The businessman, now 67, had first read "Atlas Shrugged" while working as a stock and bond trader on Wall Street in the early 1970s. "It was a stunning realization," Aglialoro said. "It gave a political poetry to capitalism — capitalism as the only moral way people should live in this world." Aglialoro would fashion himself into a kind of Randian hero, owning and operating more than 30 companies and winning a U.S. poker championship.
Over the next 18 years (he bought extensions on his option), Aglialoro developed several ill-fated scripts. One attempt to get the book greenlighted as a miniseries at TNT got caught in post-9/11 concerns about the novel's apocalyptic setting, according to Ruddy, who worked on it. A feature screenplay, by "Braveheart" writer and "Secretariat" director Randall Wallace, was set up at Lionsgate in 2007 with Angelina Jolie attached to play Dagny. According to a source close to Lionsgate, the project fell apart when Aglialoro's commitment to the book's philosophical messages clashed with the studio's aims to make the story more cinematic. According to Aglialoro, the multiple parties couldn't agree on a director.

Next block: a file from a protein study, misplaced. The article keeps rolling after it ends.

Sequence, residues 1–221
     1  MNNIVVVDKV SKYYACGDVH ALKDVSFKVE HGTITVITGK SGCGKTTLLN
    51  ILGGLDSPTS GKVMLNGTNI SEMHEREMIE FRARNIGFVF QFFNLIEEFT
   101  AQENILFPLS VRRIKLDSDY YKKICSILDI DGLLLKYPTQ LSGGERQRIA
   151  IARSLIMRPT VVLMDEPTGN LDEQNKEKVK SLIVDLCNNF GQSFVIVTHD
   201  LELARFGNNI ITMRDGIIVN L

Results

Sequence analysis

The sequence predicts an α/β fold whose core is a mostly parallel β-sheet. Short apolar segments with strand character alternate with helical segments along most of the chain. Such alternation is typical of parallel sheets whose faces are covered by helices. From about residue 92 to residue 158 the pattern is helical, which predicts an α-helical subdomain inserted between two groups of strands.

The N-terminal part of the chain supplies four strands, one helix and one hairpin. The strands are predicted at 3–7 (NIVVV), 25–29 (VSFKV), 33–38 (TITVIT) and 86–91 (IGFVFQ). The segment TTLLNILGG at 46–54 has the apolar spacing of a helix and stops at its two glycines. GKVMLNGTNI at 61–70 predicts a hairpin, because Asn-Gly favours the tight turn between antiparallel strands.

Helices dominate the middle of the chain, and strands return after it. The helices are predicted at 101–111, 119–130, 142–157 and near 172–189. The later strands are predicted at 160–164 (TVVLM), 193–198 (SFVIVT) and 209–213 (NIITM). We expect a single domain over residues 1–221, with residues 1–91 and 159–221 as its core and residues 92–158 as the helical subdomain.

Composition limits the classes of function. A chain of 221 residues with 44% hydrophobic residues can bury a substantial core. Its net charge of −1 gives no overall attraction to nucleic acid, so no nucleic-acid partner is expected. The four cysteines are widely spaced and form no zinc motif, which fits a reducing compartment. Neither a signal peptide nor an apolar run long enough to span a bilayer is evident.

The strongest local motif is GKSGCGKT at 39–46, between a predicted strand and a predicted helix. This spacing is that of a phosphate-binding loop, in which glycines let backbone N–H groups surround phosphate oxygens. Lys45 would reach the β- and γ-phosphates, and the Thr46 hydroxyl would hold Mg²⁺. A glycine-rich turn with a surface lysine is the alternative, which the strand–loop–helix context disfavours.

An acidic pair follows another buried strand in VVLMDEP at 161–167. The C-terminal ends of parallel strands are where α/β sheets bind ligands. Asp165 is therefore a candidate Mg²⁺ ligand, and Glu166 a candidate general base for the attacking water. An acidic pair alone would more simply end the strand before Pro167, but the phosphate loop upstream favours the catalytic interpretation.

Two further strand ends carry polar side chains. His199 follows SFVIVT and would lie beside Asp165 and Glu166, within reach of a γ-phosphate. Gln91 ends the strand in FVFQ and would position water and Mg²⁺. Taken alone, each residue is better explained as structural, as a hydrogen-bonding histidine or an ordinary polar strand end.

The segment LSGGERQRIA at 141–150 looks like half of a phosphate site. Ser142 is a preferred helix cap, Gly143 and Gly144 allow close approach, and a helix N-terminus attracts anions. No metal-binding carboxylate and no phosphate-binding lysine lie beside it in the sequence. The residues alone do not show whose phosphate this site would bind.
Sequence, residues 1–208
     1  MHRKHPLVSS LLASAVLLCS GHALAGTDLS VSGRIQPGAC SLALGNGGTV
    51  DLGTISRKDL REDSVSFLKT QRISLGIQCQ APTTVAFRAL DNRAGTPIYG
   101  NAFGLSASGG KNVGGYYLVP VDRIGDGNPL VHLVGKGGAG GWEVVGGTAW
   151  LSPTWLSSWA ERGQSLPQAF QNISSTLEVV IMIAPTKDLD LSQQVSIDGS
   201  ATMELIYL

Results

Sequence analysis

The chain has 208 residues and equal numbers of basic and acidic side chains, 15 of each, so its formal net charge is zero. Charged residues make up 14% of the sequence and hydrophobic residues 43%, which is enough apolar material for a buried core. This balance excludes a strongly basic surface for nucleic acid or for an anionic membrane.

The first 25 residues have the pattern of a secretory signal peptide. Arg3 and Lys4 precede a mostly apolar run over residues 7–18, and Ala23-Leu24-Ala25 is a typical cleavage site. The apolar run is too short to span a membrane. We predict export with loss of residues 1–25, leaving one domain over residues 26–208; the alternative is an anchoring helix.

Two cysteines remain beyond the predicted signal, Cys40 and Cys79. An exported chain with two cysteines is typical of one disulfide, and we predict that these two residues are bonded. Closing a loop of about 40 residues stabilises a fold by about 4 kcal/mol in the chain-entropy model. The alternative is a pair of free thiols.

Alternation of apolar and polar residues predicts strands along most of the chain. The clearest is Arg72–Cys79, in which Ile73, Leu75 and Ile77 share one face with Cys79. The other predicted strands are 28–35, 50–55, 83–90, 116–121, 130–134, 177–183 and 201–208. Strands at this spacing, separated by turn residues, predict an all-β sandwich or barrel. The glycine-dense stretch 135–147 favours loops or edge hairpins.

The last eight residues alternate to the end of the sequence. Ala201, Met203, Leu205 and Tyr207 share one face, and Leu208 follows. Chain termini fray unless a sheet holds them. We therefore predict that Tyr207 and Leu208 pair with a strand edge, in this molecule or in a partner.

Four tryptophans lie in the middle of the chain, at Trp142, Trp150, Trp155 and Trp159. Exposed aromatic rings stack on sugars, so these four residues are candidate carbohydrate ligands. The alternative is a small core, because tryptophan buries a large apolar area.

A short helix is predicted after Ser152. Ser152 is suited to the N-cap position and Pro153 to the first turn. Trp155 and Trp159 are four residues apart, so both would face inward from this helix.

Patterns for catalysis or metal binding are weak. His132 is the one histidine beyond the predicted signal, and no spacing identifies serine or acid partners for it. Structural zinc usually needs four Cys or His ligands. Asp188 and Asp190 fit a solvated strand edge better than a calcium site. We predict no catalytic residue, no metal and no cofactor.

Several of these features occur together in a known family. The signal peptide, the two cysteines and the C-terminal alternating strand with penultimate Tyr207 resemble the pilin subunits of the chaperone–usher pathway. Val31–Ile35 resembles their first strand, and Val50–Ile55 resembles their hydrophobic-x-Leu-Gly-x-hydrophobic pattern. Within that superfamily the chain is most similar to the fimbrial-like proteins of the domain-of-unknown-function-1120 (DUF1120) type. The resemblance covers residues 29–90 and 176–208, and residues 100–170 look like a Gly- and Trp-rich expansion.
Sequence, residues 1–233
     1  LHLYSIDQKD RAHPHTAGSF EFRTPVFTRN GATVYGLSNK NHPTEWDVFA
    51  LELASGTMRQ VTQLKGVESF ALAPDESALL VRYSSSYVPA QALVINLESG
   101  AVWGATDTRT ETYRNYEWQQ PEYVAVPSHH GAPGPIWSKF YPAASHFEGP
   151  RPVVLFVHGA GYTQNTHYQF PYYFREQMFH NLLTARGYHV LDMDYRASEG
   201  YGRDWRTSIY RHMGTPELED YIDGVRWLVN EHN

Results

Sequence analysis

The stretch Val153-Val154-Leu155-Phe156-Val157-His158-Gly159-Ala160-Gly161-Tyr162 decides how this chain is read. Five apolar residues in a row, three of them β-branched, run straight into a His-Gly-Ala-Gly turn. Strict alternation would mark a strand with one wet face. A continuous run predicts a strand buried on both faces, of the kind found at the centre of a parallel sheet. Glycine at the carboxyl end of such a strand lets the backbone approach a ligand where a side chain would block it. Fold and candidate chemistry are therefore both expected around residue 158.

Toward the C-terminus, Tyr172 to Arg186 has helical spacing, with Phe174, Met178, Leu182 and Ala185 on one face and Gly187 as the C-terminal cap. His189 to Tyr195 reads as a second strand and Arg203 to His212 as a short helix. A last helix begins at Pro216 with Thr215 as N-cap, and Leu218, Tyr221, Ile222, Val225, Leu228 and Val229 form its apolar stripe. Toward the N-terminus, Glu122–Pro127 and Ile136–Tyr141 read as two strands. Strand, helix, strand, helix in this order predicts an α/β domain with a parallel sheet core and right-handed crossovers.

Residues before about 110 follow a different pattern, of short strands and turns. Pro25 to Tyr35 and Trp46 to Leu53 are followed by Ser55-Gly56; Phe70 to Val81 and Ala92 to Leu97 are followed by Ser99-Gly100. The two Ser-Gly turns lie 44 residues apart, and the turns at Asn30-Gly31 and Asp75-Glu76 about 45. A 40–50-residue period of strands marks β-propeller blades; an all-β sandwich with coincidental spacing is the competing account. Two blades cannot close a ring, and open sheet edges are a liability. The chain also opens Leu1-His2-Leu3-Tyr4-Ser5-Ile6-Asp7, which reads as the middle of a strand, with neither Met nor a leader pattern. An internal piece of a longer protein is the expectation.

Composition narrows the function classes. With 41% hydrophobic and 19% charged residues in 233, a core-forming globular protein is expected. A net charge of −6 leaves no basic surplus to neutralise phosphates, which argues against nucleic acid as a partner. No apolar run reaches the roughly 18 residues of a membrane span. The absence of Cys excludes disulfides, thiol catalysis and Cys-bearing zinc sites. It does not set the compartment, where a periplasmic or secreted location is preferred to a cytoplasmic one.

"There are two big factors that I sense have frightened filmmakers about 'Atlas Shrugged,'" Wallace said. "One is the reverence with which Rand's followers hold the novel and the other is the sprawling nature of the story. I believed to climb that mountain I'd have to shrug off both those fears."